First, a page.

Around the world and back
Published: October 25, 2011
My son celebrated his 21st birthday in Texas a few days ago. On that mid-October evening, my husband and I sat on our back patio several states away, recalling our own 21st birthdays, wondering how the first of our three babies could have reached that milestone already. We examined the military life that has led us down so many diverse, yet convergent paths.
My husband is a North Carolinian, born and raised. He grew up swimming, surfing and loving life on the beach. He joined the Air Force to pay for college and see the world. The Air Force sent him to the Wild West. Until then, he hadn’t imagined he would spend his 21st birthday in Texas, but he did. Technical training at Sheppard Air Force Base in Wichita Falls taught him the intricacies of jet engines and real life.
Longing for the ocean, he volunteered for every seaside assignment the Air Force had to offer, even the most isolated islands. He was sent to Oklahoma, less than a hundred miles north of Wichita Falls.
When he arrived in the tiny town, he was pretty sure time had forgotten it back in the ‘50s – maybe the 1850s. He never dreamed he would spend vacations and even a few Christmases there for years to come. He does, because that’s where he met me, where my family still lives and where the wind comes sweeping down the plain.
When he came to Okahoma, I was studying art and journalism, dreaming of a career that would take me to a magazine job back East, where the leaves turned colors other than brown before the wind blew them away.
I finished college; he started grad school and we got married. After a few years of civilian life in Missouri, the military called us back, and so did Texas. I’m sure my husband never thought his first-born son would draw his first breaths at the Sheppard AFB hospital, but he did.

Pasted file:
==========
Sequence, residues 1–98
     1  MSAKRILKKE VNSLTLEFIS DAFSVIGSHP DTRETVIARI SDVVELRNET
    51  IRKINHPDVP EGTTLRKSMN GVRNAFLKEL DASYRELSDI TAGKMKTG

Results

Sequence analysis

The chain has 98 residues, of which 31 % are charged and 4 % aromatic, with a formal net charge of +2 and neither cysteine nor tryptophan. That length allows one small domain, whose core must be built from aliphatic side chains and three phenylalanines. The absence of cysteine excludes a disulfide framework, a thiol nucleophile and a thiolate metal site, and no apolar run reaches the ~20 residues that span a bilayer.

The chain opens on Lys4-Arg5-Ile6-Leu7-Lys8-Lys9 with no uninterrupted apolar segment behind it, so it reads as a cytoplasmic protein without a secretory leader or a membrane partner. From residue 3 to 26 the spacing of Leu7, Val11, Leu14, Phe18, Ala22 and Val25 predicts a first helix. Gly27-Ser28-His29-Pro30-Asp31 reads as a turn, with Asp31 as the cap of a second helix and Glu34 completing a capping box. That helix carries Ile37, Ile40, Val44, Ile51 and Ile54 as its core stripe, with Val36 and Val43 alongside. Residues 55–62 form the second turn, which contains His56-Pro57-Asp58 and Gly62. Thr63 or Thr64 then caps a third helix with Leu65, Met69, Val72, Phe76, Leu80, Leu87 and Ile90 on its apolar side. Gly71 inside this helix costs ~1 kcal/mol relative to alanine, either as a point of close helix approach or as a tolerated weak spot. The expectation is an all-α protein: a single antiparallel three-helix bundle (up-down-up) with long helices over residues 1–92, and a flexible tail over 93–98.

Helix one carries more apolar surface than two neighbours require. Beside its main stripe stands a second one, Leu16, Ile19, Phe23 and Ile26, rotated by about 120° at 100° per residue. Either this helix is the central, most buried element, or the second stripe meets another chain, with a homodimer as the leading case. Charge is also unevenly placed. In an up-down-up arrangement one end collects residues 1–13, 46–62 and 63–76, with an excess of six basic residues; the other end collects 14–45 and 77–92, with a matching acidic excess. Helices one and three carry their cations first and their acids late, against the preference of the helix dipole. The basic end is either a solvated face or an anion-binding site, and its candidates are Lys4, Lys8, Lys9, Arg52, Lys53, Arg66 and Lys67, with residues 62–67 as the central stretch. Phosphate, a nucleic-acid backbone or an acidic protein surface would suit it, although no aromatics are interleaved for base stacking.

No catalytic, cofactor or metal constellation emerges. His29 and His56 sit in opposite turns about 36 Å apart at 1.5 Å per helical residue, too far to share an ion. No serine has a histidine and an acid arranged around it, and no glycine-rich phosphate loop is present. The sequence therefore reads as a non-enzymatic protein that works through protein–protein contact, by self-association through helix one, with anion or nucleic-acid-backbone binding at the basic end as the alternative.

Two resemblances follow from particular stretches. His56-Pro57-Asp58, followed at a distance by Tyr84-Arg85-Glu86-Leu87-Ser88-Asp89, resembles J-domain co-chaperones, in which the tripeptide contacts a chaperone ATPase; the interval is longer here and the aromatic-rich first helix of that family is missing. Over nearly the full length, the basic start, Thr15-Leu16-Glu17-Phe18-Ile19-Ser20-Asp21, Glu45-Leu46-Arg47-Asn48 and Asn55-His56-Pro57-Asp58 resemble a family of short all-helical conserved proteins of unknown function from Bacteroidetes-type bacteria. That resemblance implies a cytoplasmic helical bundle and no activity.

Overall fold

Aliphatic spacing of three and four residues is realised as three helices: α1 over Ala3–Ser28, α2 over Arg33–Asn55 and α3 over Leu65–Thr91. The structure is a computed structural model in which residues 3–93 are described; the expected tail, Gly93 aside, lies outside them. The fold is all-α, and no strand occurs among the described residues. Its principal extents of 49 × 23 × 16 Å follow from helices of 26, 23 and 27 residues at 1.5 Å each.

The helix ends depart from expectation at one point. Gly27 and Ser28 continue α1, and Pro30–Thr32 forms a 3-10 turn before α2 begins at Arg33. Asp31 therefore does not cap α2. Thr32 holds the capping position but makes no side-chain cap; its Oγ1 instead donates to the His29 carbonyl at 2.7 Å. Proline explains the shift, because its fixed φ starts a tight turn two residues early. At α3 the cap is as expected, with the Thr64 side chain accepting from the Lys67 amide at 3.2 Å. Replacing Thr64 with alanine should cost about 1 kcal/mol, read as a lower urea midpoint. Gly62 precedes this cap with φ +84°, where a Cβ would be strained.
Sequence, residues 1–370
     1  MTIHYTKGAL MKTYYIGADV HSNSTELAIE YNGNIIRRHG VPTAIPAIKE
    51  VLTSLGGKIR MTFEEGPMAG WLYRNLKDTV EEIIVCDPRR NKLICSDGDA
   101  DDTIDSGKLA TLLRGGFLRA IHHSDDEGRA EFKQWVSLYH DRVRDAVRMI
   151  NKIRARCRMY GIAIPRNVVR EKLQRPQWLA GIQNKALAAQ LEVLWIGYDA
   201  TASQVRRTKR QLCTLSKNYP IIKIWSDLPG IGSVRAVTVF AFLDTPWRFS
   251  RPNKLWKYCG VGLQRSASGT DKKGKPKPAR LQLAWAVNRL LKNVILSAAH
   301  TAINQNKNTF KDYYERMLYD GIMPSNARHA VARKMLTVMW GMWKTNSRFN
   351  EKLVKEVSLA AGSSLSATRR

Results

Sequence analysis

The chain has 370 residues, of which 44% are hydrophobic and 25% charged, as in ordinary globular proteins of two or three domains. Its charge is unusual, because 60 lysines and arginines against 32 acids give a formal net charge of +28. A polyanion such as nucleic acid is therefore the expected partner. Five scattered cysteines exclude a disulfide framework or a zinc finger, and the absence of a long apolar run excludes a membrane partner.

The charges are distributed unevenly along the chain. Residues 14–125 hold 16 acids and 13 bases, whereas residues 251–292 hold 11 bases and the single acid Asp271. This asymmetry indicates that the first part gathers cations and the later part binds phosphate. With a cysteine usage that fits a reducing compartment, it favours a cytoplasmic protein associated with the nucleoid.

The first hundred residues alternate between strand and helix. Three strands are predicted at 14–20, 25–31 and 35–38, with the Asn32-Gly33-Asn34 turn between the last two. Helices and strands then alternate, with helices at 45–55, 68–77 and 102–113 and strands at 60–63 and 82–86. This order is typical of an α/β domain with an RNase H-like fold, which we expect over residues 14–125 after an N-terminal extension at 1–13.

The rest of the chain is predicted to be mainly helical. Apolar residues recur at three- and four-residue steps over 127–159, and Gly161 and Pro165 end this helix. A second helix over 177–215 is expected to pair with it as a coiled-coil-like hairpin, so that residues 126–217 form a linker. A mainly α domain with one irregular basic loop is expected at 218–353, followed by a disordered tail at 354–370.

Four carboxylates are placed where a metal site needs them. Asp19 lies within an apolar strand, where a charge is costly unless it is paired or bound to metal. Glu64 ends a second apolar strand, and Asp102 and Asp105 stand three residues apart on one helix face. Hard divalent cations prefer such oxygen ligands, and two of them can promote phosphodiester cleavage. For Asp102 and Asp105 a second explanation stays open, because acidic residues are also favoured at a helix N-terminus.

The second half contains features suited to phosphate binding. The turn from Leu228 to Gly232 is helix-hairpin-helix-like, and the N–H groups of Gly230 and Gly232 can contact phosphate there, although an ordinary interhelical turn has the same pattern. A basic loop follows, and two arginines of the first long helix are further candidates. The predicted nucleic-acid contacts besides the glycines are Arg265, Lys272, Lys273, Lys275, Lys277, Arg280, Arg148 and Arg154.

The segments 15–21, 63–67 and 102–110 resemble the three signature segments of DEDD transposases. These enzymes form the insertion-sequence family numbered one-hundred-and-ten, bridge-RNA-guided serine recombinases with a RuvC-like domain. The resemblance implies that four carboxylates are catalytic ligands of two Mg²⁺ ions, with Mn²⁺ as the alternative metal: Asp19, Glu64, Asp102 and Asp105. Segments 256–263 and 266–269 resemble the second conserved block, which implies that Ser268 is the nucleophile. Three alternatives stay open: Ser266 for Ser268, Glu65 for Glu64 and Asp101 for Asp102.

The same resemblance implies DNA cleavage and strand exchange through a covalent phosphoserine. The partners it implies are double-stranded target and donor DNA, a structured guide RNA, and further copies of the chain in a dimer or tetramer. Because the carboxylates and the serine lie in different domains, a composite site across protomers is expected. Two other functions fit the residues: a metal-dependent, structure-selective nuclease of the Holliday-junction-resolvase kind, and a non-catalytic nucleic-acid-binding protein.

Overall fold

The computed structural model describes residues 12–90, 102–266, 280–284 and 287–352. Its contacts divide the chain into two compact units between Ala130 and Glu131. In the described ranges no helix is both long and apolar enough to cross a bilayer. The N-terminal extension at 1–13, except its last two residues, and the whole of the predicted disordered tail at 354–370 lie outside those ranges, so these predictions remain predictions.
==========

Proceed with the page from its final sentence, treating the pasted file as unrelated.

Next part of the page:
Although he was born a Texan, our son had no plans to spend his 21st birthday there. After traveling the world and graduating from high school in Germany, he applied to several universities, but one in Texas offered the best scholarship.
So he is attending my alma mater and celebrated his 21st birthday in his apartment, a few blocks from the apartment where I celebrated mine.
Even a family who has lived all over the map finds connections in unexpected places.
Like my son, I was born in October on a military base in Texas, but not the same one. James Connally AFB is long defunct. When I was born there, my parents didn’t know – although my dad hoped – that I would return to that same town to attend college. I did, and my father lived just long enough to see his oldest grandson do the same.
Last summer, our son worked on a National Science Foundation project at his school. He did most of the work for the internship on his own campus, but the laboratory for the program is on the grounds of a nearby technical college. It used to be an Air Force base – the one where I was born.
At some bends in the road, a glimpse of the familiar takes me by surprise.
If I hadn't wandered far from home, none of this would seem coincidental. Plenty of people are born in the same state as their parents. Many more attend their parents’ alma maters and celebrate their 21st birthdays there.
For me, these occurrences are notable, because they represent continuity in an intercontinental life, a common recurring thread sewn into a coat of many colors.
We were stationed in Los Angeles when our daughter was in middle school. I never thought she’d return to Southern California for college, but she did. She has a summer birthday, so maybe we should take a trip to Texas on her 21st just to keep the Lone Star streak alive.
She was born on Guam, and I don’t think we are going back there. But you never know.